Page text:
Americans are direct. They value logic and linear thinking and expect people to speak clearly and in a straightforward manner. To them if you don’t “tell it how it is” you simply waste time, and time is money. If you are from a culture that is more subtle in communication style, try not to be insulted by the directness. Try to get to your point more quickly and don’t be afraid to be more direct and honest than you are used to.

As Russia tends to combine many eastern and western features, there you encounter a combination of directness and subtlety depending on the speakers’ positions.

Each of the above mentioned variables are much more complex than it is possible to convey. Each of them influences the course of communications, and can be responsible for conflict or the escalation of conflict when it leads to miscommunication or misinterpretation. A culturally-fluent approach to conflict means working over time to understand these and other ways communication varies across cultures, and applying these understandings in order to enhance relationships across differences.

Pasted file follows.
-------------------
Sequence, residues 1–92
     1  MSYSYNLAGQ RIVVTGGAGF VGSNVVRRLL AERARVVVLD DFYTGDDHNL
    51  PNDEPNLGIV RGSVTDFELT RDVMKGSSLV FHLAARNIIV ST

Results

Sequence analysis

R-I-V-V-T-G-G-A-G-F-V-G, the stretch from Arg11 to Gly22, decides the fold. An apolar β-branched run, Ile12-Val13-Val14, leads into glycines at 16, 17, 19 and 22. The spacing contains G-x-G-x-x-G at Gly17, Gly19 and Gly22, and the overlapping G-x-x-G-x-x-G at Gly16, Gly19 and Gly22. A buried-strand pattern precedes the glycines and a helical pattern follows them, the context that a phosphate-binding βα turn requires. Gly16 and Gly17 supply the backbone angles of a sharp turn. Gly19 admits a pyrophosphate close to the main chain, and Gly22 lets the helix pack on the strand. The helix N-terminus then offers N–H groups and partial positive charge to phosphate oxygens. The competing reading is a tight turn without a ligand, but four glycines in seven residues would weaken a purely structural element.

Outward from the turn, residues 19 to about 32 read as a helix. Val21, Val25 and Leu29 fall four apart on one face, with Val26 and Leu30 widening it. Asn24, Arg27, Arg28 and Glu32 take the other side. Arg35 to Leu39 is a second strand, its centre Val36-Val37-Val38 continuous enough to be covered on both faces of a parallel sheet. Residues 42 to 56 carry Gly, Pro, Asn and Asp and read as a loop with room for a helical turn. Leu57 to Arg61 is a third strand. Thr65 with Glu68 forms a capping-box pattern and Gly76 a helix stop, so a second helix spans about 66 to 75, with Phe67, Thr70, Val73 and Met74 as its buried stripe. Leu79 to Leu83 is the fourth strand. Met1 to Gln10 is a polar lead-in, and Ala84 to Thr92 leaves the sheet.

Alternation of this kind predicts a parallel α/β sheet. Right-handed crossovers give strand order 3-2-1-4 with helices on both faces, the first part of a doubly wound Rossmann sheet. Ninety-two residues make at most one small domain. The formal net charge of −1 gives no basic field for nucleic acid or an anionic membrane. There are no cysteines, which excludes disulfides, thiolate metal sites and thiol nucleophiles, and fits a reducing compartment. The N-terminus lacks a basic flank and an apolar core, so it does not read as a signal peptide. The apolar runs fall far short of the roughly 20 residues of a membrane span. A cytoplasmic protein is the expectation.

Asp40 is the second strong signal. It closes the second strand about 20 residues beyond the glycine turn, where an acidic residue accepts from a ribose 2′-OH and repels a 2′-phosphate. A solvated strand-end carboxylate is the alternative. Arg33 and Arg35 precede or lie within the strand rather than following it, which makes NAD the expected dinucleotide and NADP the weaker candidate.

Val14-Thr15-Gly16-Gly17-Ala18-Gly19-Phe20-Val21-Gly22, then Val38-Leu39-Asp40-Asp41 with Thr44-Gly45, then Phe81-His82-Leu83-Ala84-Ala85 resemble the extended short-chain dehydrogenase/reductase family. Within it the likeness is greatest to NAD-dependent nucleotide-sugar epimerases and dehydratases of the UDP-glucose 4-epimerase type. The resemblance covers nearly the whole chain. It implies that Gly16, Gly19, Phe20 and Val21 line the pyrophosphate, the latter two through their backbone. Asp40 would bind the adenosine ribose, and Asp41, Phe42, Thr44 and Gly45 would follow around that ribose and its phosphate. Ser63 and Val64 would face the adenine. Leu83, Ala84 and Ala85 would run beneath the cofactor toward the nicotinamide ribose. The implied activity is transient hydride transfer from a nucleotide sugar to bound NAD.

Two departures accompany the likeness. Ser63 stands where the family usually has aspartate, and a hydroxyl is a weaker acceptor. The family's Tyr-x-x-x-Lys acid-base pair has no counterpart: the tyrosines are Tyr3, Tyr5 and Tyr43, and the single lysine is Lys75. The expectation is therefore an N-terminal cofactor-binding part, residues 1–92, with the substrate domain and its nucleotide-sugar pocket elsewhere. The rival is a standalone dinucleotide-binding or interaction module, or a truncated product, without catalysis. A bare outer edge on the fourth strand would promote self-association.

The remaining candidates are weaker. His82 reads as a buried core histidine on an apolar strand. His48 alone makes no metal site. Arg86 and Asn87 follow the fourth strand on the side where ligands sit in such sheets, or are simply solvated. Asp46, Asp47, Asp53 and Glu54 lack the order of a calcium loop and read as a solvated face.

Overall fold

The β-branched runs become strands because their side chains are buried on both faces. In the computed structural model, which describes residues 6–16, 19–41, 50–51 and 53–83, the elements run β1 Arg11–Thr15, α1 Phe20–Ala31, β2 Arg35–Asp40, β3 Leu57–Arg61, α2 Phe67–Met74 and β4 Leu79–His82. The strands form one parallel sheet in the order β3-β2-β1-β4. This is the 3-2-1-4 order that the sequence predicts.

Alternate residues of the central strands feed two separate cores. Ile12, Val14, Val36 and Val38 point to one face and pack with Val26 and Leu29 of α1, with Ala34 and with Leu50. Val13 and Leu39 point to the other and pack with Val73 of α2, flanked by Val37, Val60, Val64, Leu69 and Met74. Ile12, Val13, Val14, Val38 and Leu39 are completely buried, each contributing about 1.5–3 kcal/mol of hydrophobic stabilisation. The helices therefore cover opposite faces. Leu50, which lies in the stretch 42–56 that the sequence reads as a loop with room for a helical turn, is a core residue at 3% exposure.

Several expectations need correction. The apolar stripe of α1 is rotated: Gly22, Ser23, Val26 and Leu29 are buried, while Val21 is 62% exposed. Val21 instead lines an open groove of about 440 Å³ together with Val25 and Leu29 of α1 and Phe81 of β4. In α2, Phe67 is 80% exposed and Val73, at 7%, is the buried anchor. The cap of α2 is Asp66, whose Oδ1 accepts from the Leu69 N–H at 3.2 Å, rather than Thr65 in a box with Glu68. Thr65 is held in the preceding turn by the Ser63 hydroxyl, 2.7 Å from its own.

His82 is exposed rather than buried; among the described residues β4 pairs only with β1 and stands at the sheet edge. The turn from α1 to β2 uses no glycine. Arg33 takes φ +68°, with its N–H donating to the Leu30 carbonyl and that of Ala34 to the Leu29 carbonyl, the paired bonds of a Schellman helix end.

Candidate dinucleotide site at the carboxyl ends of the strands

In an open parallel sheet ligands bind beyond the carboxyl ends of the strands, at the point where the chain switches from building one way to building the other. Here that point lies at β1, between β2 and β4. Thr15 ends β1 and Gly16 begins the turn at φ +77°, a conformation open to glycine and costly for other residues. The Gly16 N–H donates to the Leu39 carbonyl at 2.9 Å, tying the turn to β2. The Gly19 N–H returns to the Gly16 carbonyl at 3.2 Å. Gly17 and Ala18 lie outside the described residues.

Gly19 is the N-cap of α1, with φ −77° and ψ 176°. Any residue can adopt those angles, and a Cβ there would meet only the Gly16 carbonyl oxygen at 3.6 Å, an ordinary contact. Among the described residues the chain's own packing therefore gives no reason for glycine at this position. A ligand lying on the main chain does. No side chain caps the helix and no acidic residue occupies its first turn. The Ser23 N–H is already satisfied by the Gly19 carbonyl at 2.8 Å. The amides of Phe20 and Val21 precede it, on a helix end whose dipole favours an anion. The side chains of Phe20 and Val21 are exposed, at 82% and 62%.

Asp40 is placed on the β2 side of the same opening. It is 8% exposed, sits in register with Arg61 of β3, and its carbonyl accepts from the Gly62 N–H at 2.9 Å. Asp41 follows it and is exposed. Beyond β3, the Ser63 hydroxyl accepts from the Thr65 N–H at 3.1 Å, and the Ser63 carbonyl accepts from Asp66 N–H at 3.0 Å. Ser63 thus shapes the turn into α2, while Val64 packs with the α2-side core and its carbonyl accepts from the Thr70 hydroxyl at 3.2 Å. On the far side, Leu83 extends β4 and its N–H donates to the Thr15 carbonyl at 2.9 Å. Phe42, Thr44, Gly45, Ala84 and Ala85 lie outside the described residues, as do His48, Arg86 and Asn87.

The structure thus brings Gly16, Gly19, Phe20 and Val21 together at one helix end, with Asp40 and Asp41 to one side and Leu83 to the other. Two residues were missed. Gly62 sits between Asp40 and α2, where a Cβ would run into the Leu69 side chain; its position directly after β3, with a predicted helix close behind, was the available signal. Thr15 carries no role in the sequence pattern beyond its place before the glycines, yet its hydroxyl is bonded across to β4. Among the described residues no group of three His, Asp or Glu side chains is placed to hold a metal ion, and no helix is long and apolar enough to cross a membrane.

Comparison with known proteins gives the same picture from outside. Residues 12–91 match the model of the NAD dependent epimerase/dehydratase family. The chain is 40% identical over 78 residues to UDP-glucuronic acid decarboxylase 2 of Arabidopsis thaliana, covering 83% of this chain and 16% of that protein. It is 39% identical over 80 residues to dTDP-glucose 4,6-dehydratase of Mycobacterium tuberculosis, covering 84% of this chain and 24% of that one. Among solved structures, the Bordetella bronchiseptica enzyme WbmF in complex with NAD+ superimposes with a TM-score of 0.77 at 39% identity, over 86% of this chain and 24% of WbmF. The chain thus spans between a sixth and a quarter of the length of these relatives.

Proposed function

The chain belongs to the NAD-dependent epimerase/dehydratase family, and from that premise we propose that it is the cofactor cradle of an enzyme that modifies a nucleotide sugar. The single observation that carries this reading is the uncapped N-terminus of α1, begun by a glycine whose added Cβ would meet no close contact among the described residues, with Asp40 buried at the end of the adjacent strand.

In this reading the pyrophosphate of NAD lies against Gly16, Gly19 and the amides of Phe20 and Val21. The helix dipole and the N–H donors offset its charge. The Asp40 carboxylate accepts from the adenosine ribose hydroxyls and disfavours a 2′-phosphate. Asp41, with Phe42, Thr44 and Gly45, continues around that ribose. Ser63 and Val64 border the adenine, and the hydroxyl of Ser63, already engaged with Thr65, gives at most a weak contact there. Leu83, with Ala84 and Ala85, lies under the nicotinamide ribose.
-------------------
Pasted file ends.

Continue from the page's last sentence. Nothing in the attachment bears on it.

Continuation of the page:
Literature:

  1. LeBaron, Michelle. Bridging Cultural Conflicts. A New Approach for a Changing World. San Francisco: Jossey Bass, 2003.
  2. Novinger, Tracy. Intercultural Communication. Austin, TX: University of Texas Press, 2001, P. 84.
  3. Novinger, Tracy. Intercultural Communication. Austin, TX: University of Texas Press, 2001, P. 31.
  4. Okun, Barbara F., Fried, Jane, Okun, Marcia L. Understanding Diversity. A Learning as Practice Primer. Pacific Grove, CA: Brooks/Cole Publishing, 1999, pp. 59-60.
  5. Okun, Barbara F., Fried, Jane, Okun, Marcia L. Understanding Diversity. A Learning as Practice Primer. Pacific Grove, CA: Brooks/Cole Publishing, 1999, pp. 78.
  6. Ibid.
  7. Novinger, Tracy. Intercultural Communication. Austin, TX: University of Texas Press, 2001, P. 65.
  8. Ibid., p. 67.
  9. Ibid., pp. 68-69.
  10. Ibid., p. 68.

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Tatiana Kara-Kazaryan: On some Issues of Intercultural Training –
In: TRANS. Internet-Zeitschrift für Kulturwissenschaften. No. 18/2011.